Most in Waco might never dream of using violent force against another, yet there may be situations where they are compelled to do so. One's first reaction to hearing a claim of self-defense may be to be skeptical. However, enough legitimate cases of the justified use of force have occurred to merit several states to create laws addressing it (according to the National Conference of State Legislatures, Texas is among them). Such statutes typically stipulate that people have no duty to retreat from a scenario where they feel threatened, and by extension, are permitted to defend themselves and others if the situation calls for it.
Among the many challenges residents in Texas who have been convicted of driving while intoxicated offenses face, one is the potential loss of their driving privileges. Whether or not this happens or how long a driver's license suspension or revocation may last depends in part upon the details of the particular offense and situation. However, some drivers may be able to reinstate their ability to drive legally if they install and use an ignition interlock device.
If you have been arrested in Texas and charged with a driving while intoxicated offense, you may well be scared about what might happen to you next. This is very understandable, and it is important at this point to learn not only about the defense process but also about the arrest process. The tests used by officers may be important evidence used against you and you should know exactly what they are and what they mean.
Anyone who is accused by Texas law enforcement of driving under the influence of alcohol should be aware of how the prosecution will attempt to prove their case. If you find yourself in such a situation, chances are the police had administered a field sobriety test at the time they pulled you over. One of these tests is known as the walk and turn test.
Contrary to popular belief, assault charges stem not from physical violence but from the threat of violence. This is as true in Texas as it is in North Carolina, where a 51-year-old white woman who threatened to pull a concealed weapon on two African-American sisters is now facing misdemeanor charges for simple assault.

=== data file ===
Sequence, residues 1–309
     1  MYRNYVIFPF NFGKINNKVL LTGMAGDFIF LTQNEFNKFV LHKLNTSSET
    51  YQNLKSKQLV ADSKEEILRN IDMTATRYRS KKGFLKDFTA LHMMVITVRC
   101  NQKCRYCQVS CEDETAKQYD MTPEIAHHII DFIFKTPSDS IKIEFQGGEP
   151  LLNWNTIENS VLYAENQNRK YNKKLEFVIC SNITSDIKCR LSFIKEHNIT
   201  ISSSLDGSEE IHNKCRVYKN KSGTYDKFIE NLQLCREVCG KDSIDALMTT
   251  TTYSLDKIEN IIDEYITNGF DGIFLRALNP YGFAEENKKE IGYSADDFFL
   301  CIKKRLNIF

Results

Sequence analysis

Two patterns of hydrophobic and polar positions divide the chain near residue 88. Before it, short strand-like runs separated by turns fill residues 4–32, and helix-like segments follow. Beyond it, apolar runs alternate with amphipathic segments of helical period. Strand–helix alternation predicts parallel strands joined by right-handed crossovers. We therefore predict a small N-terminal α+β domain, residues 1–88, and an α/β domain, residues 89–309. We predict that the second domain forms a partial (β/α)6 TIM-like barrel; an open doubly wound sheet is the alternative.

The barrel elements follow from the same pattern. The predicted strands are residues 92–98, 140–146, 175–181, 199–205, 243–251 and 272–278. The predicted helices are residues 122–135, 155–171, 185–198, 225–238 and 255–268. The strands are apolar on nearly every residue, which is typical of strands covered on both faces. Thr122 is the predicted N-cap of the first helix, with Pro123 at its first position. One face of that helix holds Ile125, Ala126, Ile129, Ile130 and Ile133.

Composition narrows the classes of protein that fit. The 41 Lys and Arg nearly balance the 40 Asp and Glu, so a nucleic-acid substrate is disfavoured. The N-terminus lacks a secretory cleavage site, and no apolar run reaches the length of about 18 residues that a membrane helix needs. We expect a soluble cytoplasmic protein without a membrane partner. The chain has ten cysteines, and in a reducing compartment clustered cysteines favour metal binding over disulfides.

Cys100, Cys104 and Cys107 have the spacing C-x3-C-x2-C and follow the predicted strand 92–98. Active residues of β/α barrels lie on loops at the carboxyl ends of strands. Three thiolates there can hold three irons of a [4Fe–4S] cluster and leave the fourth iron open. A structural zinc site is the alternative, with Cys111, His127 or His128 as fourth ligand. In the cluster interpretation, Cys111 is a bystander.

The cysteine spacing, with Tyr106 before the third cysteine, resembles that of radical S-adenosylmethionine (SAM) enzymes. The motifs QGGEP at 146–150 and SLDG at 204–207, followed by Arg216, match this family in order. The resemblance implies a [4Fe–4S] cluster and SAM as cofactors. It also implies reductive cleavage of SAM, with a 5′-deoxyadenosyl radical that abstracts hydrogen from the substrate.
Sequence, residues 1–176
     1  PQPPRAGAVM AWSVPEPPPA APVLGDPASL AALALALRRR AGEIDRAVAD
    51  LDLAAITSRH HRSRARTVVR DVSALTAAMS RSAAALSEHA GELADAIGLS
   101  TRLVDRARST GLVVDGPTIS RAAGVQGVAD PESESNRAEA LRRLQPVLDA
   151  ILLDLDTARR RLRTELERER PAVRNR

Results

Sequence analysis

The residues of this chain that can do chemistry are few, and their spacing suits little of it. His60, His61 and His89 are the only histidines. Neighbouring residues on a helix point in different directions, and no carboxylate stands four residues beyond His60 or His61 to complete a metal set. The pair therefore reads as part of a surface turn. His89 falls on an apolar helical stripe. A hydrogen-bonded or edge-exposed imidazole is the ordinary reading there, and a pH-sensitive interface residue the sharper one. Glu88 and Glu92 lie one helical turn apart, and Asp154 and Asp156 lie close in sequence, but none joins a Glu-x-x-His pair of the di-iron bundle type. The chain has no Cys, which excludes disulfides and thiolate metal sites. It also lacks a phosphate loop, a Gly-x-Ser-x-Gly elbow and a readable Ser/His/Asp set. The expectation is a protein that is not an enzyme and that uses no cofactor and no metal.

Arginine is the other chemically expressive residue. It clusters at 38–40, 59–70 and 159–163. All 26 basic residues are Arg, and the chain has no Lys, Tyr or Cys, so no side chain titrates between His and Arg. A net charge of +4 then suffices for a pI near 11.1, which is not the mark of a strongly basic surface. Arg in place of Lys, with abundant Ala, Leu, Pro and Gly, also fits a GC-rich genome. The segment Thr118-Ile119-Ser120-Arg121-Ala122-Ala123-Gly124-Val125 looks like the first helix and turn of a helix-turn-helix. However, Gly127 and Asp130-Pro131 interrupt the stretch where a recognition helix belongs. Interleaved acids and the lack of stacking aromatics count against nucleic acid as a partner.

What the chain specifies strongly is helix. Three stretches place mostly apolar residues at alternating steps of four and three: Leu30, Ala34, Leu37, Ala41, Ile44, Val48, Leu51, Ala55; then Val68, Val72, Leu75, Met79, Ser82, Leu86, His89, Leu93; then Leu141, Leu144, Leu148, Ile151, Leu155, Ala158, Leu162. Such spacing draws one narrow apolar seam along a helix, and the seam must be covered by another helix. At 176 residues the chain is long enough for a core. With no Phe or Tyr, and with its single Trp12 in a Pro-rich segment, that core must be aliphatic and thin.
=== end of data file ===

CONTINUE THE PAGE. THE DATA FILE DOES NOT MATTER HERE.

Having an arrest on your record can haunt you long after the criminal matter you stand accused of in Waco is resolved. Such a record can bar you from obtaining certain types of housing, and even potentially interfere with you getting a job. Thus, it certainly is in your best interest to try and have any such action removed from public records. However, not all criminal offenses are eligible for expungement. Knowing which ones are might save you a good amount of both mental and emotional effort.
Plea bargaining offers people charged with a crime the opportunity to avoid harsh penalties such as lengthy prison terms, so it is no surprise that many Texas residents choose not to fight criminal charges and go for a plea deal instead. It is important, however, to be aware of what plea bargaining entails. You should also know that you ultimately are in charge of whether to accept a plea deal or not.
What happens if I get pulled over by the police? What should I say to an officer, either during questioning or during an arrest? These are vital questions that every person in Texas should be able to answer. In the event you are questioned by police, here are five things you should know about what to say to an officer as well as what you should never say.
This is my first blog post. It's Michelle writing, and I will be writing almost 100% of the posts. I am writing to reflect, share, teach, and just be me. Some of my posts will be informative for potential clients, and some of my posts will be about a topic close to my heart - criminal justice reform. But my main reason for writing is to share the viewpoint and some of the things we experience as defenders of the citizen accused. We are their voice and we want to share the hard experiences our clients often face, the battles we fight, the victories we win, and what we've learned along the way.